The Productization Dilemma In Consulting

The past few days, I had another interesting discussion with a client about the topic of productizing an internally developed tool (technical audit) that gets used in the daily consulting work.

The tool was developed to improve the quality of the consultancy work. Still, after a while, internal discussions about the opportunity to sell licenses for the productized tool started taking place. This is a regular discussion, and I’d like to give you my point of view.

Consulting firms love to create ‘products’. But most of these consulting firms get it wrong. I always get that question from consulting firms: “How can we turn our self-developed tool into a product that we can sell at scale?” I get that. We are all looking for new revenue sources.

Recommended reading: Regain Control as a Consultant by Packaging Your Services

Unfortunately, I haven’t seen that many productization successes in consulting firms. Why is that? Mainly because of these two reasons:

1. Because of the big, fat consulting cannibalization monster

A self-developed tool cannot automatically be turned into a standalone scalable product. I’ve seen this many times, consulting firms selling license fees for a software tool they have developed for themselves, built to improve their consulting quality, speed, and pricing of a consulting service. It’s a great way to leverage consulting expertise, at least that’s the belief. 
But selling (mainly a modest number of) user licenses for such a tool to existing clients in the context of a consulting firm's core expertise or service increases the risk of revenue cannibalization or even the entire delusion of a core consulting service! 
I’ve seen many times already that the revenue from selling (too few) licenses didn’t compensate for the loss of (core) consulting work, and ‘the product’ ultimately gets buried in the office basement. What a waste of money and energy for all the people involved.


2. Because ‘real productization’ of a service requires product development expertise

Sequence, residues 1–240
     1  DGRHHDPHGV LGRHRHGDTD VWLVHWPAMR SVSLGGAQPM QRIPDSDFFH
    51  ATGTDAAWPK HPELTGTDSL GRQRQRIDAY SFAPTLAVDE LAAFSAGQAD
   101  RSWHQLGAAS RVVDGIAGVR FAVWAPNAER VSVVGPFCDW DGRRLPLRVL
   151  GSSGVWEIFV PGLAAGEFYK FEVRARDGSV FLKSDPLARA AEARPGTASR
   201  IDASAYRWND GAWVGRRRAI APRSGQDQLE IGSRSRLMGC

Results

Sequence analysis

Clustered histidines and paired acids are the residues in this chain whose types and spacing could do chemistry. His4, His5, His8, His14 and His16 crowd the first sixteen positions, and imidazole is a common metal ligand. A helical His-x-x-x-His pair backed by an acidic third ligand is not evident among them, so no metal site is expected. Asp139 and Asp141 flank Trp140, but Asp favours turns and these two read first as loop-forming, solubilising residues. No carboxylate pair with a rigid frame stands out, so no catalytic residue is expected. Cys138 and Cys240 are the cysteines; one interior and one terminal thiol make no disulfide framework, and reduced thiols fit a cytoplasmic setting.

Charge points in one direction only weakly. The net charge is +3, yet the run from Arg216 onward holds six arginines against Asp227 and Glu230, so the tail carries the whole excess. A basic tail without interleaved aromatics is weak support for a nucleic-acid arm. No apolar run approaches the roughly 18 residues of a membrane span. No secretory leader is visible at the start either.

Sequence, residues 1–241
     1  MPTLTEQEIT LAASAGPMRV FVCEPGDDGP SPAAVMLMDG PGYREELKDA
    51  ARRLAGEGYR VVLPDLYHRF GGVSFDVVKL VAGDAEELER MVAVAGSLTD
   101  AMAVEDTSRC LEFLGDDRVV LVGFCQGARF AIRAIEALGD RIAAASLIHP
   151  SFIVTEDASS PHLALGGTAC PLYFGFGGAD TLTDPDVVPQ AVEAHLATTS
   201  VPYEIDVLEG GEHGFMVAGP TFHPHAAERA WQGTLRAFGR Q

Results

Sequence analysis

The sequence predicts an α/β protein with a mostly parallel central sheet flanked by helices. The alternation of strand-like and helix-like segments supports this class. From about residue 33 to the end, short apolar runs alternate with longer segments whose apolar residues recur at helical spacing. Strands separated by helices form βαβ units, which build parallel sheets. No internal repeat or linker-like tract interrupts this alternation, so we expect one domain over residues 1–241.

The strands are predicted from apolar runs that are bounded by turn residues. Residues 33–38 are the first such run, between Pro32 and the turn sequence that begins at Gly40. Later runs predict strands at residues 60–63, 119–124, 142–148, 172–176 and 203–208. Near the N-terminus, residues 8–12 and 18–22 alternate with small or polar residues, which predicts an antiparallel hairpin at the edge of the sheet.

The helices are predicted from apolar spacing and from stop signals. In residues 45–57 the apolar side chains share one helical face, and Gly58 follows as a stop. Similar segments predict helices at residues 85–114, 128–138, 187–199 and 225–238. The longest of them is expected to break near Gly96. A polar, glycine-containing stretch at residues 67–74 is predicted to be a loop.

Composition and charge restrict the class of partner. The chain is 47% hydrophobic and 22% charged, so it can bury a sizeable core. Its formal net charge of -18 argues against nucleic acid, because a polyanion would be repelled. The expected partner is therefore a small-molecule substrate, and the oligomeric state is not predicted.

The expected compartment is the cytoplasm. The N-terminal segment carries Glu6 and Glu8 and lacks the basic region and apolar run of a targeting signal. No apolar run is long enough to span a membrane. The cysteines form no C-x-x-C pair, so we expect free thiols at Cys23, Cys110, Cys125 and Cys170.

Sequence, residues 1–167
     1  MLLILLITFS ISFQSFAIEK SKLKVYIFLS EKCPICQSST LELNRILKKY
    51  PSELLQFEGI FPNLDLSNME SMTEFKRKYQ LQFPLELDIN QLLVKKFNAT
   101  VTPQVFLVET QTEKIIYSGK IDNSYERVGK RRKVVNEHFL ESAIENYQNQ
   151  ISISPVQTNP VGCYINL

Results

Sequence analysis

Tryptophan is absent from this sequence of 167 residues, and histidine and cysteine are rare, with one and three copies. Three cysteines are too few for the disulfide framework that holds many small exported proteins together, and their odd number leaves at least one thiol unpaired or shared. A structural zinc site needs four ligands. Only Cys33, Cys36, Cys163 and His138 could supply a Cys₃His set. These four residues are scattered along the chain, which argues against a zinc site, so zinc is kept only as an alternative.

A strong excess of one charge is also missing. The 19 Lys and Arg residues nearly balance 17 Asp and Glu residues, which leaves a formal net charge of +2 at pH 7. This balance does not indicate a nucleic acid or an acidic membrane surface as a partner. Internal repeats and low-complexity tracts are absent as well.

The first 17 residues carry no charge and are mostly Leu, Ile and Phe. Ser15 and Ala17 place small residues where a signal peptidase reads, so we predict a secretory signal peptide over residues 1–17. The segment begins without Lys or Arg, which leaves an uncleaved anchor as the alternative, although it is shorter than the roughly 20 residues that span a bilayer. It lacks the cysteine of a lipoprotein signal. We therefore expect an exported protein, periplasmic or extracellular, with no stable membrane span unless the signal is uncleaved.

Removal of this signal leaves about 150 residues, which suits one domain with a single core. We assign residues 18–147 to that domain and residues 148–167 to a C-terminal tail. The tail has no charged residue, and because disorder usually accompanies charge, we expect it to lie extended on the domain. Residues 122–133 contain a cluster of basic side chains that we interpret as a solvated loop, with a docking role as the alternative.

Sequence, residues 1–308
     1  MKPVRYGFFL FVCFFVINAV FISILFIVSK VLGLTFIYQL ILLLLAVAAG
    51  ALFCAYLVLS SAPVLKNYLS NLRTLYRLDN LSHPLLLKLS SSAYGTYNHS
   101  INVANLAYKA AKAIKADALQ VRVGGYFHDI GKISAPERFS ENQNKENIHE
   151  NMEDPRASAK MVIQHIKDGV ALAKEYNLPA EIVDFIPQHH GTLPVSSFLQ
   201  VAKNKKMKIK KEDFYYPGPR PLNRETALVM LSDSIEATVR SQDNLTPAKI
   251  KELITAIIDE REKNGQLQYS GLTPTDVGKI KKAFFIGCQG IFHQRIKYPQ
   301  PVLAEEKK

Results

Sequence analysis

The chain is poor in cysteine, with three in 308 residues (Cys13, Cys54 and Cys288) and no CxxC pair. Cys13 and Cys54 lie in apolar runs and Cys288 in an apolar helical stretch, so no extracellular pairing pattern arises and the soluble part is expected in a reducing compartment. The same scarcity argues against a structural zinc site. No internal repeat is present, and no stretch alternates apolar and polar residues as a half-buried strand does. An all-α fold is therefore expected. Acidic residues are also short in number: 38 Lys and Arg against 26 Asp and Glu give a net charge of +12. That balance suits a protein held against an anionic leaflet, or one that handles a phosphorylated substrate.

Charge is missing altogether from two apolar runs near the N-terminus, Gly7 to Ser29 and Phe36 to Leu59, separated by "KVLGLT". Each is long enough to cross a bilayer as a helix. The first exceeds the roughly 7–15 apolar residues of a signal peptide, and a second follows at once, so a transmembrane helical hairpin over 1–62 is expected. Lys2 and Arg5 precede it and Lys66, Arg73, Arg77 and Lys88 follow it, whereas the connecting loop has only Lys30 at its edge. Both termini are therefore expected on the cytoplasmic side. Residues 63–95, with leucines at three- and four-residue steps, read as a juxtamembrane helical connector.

Here’s what I always say: you either do productized consulting with your existing tool/approach to sell better, bigger, faster, more expensive core consulting projects, OR you scale it the startup way (selling 1000’s licenses to compensate for the core service cannibalization, and…make a lot of money from those licenses).
It’s either-or. Use it to improve your core consulting service or sell it as a product the startup way. And when you build a product 'the startup way', you stop doing consultancy with it. You can’t combine. If you confuse (in- and externally), you lose. 
If you believe you can make money by scaling your tool, great! Cool! But don’t forget, you will need to hire developers, build a tech stack, hire a product development expert, a sales team, maybe get investment money, etc. 
Again, I am not against it, but it’s usually unfamiliar terrain for any traditional consulting firm. It’s a totally different business model, so consider it 10x before going that route as a consulting firm.

Here are 5 tips that might help

  1. Cannibalization: watch out for cannibalization of your core expertise by selling (too few) licenses for your tool to core existing clients;

  2. New clients: if at all selling licenses, I’d advise you to sell them to new clients segment you are not yet selling consulting services to. E.g., you start selling your tool/licenses to SME clients instead of a core focus on, e.g., enterprise clients;

  3. New service: you could also think of creating a new, additional service that didn’t exist before to avoid cannibalizing your existing service. I call this ‘the innovation-driven productization’;

  4. Disrupt old service: I have seen this a few times: consulting firms disrupting an ‘old’, existing service without a future (knowing it will fade out over time) but with a productized ‘new life’ opportunity;

  5. The startup way: the most radical of all (for traditional consulting firms): you scale your tool ‘the startup way’. It means selling a massive number of licenses to a much broader market. This is a very different business model with expertise and capabilities most consulting firms don’t have.


I wrote about this client discussion from the point of view of a consulting firm struggling with the dilemma of selling/scaling internally used tools to clients. 

I’d advise being very careful not to erode/cannibalize a core consulting service offering by selling (too few) licenses of a so-called ‘productized tool’. 

As a consulting firm, I’d always prefer to use such tooling to make a core consulting service more differentiated, better, faster, more expensive, more attractive, easier to train a team, and easier to gather great data and benchmarks. 

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